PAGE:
Rubella: treatment

No treatment can combat the rubella virus directly – therefore no causal (causal) treatment, it is possible only a symptomatic treatment You can for example take antipyretic drugs (such as ibuprofen or paracetamol) or calf rolls to reduce the elevated temperature if necessary. By itself, fever is desirable – it shows that the immune system is fighting the pathogen. Therefore, you should reduce fever only when necessary. The best way to discuss this is with the attending physician.

The antipyretics ibuprofen and paracetamol also have an analgesic effect. Ibuprofen also helps fight inflammation. Both medicines are also suitable for rubella patients with headaches and painful, inflamed joints.

Acetylsalicylic acid (ASA) is also a popular analgesic and antipyretic. It should not be used in children and young adults with febrile illnesses! Otherwise, there is a risk of developing the rare but dangerous Reye syndrome.

In a rubella disease, adequate hydration and rest are helpful. It helps the body to heal.

Patients should also keep as far away from other people as possible. This reduces the risk of them transmitting the viruses. Contact with pregnant women should be especially avoided: if they are not sufficiently immune to the pathogen, there is a serious risk for the unborn child.

Pregnant women who are not immune to rubella and have had contact with a patient should go to the doctor quickly. Within the first three days after contact, he can inject the pregnant woman with ready-made antibodies against the pathogen. Later, this so-called prophylaxis after exposure no longer makes sense.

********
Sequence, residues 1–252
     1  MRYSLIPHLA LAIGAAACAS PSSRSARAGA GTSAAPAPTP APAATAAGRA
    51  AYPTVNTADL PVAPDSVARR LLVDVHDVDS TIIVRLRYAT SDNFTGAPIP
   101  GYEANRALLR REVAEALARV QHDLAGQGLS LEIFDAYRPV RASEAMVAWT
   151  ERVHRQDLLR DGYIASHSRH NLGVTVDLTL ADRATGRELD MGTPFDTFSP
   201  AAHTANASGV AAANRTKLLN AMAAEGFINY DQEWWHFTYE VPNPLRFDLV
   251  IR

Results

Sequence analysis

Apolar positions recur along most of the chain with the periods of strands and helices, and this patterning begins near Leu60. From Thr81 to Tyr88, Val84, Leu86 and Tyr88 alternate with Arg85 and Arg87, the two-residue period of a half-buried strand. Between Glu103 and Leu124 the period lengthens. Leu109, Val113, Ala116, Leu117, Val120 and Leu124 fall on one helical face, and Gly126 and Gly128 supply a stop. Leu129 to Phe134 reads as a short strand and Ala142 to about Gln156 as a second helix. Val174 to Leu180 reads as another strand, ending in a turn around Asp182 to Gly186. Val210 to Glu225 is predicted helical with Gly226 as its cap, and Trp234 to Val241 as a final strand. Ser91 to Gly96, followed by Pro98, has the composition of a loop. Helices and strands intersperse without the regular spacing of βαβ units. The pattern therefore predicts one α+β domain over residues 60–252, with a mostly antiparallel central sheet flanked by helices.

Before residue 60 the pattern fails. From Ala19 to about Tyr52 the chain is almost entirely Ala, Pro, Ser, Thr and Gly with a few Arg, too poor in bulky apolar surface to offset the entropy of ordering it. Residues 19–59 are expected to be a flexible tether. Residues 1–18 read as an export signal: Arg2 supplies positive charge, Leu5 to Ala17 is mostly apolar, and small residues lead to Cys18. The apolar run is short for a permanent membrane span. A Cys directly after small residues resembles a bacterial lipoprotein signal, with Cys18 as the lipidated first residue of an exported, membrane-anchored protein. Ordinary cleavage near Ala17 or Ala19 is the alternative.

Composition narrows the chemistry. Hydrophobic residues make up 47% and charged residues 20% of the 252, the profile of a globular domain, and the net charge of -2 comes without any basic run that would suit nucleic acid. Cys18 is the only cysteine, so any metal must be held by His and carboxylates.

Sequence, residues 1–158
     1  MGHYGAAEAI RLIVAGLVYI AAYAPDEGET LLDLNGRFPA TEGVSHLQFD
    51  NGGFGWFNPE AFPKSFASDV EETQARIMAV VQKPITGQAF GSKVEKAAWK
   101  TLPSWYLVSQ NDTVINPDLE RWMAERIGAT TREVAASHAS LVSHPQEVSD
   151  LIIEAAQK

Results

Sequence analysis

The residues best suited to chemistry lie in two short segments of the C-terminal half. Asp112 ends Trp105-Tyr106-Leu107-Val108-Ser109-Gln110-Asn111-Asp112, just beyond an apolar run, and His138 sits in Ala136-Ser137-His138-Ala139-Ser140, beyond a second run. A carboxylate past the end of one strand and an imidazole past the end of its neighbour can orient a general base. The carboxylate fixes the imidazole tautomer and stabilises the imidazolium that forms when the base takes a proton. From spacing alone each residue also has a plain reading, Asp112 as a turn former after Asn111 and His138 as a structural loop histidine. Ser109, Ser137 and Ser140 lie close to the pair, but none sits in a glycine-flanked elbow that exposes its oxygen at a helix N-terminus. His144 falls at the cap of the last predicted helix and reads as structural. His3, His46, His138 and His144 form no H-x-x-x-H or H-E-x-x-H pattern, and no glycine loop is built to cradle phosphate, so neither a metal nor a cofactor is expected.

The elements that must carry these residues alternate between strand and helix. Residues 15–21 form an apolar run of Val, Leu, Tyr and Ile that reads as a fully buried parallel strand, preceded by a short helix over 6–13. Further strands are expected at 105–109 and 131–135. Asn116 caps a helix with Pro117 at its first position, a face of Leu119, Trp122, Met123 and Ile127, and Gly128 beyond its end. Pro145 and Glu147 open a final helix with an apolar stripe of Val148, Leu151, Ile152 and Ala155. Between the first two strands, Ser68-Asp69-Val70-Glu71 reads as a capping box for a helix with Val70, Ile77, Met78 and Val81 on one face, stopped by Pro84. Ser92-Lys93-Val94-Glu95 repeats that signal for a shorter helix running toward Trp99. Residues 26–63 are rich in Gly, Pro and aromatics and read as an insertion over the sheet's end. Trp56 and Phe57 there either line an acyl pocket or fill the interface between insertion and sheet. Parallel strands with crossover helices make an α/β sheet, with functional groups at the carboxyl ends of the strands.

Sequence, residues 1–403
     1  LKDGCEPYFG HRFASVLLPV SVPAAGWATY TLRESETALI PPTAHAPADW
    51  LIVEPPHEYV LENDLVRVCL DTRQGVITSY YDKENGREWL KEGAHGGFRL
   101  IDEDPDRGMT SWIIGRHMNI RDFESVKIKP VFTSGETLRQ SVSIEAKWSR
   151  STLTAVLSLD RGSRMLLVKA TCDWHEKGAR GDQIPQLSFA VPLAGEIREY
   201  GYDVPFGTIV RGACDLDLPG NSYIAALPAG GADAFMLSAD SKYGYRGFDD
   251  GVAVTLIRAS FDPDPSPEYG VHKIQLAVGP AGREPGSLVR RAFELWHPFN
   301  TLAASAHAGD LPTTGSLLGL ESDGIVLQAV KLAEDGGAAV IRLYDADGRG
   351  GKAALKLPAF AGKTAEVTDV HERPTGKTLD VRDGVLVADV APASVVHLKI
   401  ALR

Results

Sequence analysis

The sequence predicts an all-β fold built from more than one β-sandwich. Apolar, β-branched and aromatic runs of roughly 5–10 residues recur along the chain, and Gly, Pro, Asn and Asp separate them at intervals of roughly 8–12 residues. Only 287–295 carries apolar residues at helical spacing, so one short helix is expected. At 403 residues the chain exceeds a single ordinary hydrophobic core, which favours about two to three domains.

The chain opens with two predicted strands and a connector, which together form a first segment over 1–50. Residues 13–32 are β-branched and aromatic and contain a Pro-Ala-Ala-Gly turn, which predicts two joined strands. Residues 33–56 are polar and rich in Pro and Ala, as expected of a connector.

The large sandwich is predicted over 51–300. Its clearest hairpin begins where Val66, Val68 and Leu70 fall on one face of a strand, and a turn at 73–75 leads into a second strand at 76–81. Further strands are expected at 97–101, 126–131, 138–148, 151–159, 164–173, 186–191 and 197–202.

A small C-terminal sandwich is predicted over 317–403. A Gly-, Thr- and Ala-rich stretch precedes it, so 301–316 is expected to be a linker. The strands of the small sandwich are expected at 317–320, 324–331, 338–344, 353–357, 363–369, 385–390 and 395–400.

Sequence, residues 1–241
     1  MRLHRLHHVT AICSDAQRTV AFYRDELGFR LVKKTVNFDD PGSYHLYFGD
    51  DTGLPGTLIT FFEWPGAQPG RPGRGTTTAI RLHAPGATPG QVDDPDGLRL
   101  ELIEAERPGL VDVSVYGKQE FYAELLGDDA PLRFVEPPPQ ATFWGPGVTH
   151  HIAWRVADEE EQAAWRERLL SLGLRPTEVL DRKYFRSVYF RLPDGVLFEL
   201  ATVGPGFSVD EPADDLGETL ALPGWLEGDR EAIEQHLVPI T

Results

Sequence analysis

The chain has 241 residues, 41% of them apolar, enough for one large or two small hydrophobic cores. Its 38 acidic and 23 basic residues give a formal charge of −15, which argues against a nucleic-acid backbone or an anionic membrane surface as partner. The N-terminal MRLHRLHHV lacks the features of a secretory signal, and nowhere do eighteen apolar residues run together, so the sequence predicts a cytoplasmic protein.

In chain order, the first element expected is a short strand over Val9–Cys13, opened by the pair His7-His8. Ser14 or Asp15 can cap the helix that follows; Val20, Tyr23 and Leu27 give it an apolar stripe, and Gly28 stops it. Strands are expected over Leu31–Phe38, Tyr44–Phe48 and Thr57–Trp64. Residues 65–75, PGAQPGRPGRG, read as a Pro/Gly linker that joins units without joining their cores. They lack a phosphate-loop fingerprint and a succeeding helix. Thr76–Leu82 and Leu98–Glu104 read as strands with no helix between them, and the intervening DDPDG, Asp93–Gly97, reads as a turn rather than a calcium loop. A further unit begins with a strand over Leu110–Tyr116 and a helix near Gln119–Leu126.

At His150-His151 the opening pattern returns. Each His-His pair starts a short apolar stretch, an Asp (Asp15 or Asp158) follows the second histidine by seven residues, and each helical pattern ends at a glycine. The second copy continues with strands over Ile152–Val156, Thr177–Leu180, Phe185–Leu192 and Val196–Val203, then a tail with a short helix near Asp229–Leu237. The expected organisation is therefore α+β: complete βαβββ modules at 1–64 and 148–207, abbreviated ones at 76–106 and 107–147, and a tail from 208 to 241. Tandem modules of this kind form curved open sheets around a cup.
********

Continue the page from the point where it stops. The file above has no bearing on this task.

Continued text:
Rubella: disease course and prognosis

A rubella disease usually goes without problems. It poses no great threat to children born, as well as to adolescents and adults in general. However, age it increases the risk for complications such as pain, inflamed joints, otitis media, bronchitis, or myocarditis. Encephalitis (encephalitis) is especially feared. But this is one of the very rare rubella complications.

Rubella is also usually mild in pregnant women. The danger here is that even the unborn child becomes infected. Especially in the first weeks of pregnancy, the child can be seriously harmed.

Rubella vaccination

Vaccination is the best protection against rubella. The standing vaccination commission (STIKO) at the Robert Koch Institute recommends the rubella vaccine for all children, which consists of two vaccination doses. It is given in combination with the measles and mumps vaccination (mumps-rubella vaccine, MMR vaccine).

The first vaccine dose is recommended for children between 11 and 14 months (the sooner the better). The second vaccine dose must be given between the ages of 15 and 23 months. There should be a gap of at least four weeks between the two doses.

The rubella vaccine is not only used to protect the vaccinated against infection. In particular, this should prevent the spread of rubella viruses in the population. It protects even pregnant women who are not immune to the pathogen, as well as their unborn child.

Read more about the rubella vaccination and its possible side effects in the rubella vaccine article.

Further information

guidelines:

  • Guideline “Laboratory diagnosis of pregnancy-relevant viral infections” of the German Society for the Control of Viral Diseases (2014)

Author

  • What Is Rubella?